The Good Food Centre (GFC) is providing more fresh food to the community after receiving stable funding this term.
The GFC and the Sexual Assault Survivor Support Line (SASSL), equity centres at the Ryerson Students’ Union (RSU), held a successful campaign last November to address the lack of resources needed to tackle food insecurity. Students voted in support of the referendum to contribute $5 in the fall and winter semesters, to be divided equally between the centres.
Savreen Gosal, the RSU vice-president operations, said the GFC was able to secure over $200,000 in annual funding, compared to their budget of less than $30,000 before the vote.
“Food insecurity is a huge issue on campus,” Gosal said. The GFC is now able to provide a variety of foods to students without experiencing shortages, she said.
A 2016 report by Meal Exchange suggests about 39 per cent of post-secondary students experience food insecurity. The report compiled surveys from five Canadian campuses over 16 months based on responses from 4,500 students.
Ruben Perez, the RSU equity and campaign coordinator, said he has seen a “significant increase” in the amount of people using the centre since the beginning of the semester, with around 400 visits per month.
Last October, there were just over 200 visits to the centre, according to GFC statistics.
Golshid Riahi, a fourth-year mechanical engineering student, said she has been using the centre for two years and this year is much better.
“Vegetables are fresh, they come every week and it’s not only cans of food,” she said.
“Compared to last year, there wasn’t many students coming here to the (GFC) but now it has changed because people are seeing that they are providing better food.”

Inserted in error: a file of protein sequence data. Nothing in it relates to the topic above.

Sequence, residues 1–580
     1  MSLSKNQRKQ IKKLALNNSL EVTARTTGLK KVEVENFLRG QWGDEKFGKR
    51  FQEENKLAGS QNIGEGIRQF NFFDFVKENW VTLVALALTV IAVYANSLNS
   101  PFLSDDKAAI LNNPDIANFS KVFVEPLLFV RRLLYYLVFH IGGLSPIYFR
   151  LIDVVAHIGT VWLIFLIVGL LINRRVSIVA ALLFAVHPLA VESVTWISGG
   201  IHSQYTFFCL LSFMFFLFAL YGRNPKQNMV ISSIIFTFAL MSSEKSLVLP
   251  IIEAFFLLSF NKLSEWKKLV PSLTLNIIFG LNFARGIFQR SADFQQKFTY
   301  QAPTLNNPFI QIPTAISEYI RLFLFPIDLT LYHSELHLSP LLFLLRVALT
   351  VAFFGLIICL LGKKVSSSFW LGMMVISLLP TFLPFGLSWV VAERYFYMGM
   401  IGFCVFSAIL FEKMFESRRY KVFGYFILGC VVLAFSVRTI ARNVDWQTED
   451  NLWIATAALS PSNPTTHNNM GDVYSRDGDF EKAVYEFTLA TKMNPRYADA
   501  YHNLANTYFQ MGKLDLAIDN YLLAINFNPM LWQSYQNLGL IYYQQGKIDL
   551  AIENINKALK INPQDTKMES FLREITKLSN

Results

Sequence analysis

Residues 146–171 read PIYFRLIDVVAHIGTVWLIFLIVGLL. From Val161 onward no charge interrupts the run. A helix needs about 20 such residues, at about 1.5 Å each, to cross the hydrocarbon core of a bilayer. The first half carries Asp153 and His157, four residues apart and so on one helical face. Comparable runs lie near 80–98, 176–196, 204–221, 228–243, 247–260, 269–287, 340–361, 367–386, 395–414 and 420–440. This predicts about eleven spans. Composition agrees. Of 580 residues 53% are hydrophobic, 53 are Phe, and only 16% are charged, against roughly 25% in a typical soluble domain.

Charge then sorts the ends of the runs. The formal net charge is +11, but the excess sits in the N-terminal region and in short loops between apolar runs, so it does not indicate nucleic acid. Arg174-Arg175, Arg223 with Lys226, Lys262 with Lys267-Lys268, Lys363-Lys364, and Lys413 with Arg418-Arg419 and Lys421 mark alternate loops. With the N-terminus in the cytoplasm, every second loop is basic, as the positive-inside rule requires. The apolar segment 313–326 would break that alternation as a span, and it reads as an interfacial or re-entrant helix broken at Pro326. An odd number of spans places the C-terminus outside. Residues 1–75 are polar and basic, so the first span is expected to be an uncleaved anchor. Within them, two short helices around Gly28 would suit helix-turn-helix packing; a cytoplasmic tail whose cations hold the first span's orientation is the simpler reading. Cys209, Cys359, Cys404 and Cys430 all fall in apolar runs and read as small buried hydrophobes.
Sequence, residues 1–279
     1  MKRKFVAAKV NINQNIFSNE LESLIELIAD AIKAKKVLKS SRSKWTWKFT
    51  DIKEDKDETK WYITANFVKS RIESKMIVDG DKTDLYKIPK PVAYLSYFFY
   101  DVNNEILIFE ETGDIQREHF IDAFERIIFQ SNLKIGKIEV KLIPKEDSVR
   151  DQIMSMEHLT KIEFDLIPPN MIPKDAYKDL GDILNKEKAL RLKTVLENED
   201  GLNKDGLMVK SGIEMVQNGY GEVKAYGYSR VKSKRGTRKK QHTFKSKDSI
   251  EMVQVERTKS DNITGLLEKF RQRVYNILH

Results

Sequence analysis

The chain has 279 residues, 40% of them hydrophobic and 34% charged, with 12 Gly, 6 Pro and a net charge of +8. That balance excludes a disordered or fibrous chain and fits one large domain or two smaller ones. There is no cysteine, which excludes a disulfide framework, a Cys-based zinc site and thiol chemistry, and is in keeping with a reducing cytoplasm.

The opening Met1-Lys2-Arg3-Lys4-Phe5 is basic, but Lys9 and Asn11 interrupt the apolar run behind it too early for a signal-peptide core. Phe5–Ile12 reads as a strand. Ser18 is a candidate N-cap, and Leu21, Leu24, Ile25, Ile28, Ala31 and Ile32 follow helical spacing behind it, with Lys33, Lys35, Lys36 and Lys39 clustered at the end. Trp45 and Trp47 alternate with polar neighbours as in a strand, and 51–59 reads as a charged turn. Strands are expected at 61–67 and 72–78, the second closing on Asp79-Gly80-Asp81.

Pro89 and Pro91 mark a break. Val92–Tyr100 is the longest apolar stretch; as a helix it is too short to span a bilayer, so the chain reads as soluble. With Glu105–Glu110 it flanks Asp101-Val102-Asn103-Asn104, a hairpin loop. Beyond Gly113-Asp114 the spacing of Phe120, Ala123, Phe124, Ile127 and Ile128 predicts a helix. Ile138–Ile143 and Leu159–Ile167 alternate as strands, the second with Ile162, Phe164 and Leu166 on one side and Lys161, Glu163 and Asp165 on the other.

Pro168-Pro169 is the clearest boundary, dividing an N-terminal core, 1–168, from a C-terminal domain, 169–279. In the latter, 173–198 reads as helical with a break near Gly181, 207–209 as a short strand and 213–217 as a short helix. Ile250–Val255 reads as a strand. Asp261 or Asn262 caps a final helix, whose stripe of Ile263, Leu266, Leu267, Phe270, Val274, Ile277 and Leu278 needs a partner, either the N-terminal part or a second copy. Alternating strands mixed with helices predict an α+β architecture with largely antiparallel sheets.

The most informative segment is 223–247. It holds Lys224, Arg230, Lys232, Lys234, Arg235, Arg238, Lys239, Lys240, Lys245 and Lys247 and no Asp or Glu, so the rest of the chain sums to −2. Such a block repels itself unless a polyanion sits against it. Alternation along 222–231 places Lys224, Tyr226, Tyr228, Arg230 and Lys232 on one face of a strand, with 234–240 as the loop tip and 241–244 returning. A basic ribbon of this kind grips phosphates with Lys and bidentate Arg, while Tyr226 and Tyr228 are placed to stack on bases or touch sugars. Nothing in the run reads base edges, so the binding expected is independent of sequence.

In addition to having money for extra food, Gosal said staffing was one of the GFC’s biggest priorities. She said having more staff has helped operationally with keeping the centre open for more days.
Perez said the GFC hired more staff than last year and has four part-time leads/coordinators with more working hours than other coordinators from the six equity centres at the RSU.
He said the GFC is looking to hire a full-time coordinator pending approval from the RSU.
According to the 2017-18 Hunger Report which assesses the demographics of community members who use the GFC, 73 per cent of people accessing the service are people of colour.
One racialized fourth-year social work student and member of the GFC asked to remain anonymous for privacy reasons. He said he lives in low-income housing and having access to the centre allows him to make ends meet.
As someone who has used the GFC for over three years, he said, “In the past, they had run out of food or they had limited amounts … since I came back on campus this semester, I’m finding the quality is really good and when it comes to quantity, they have a larger proportion.”
The Hunger Report also found international students make up 28 per cent of GFC members, while only representing 1.9 per cent of Ryerson’s undergraduate program.
Apurva Patel, a first-year engineering student, said he recently started using the GFC as a way to reduce his costs as an international student while living in Ryerson’s expensive HOEM residence.
“It’s a good step for helping international students, especially if you cannot afford food because already they pay a lot of tuition fees and for residence,” said Patel.
When it comes to improvements for the GFC, the first thing that came to mind for Patel was space.
He said, “I would ask them to increase the space of the room because it is kind of congested for a lot of products to be inside.”
With the help of stable funding, RSU President Ram Ganesh said increasing space inside the centre is also on their list of things to do.
“Even though we have all the funds to purchase all this food, we need to store it and we to safely store it,” he said. “The space would just take us to the next level.”
Now that the immediate problems from previous years have been resolved, Ganesh said, “It’s shown us the holes that we kind of were ignoring in the past, and we’ve moved on to start and figure out solutions for these problems.”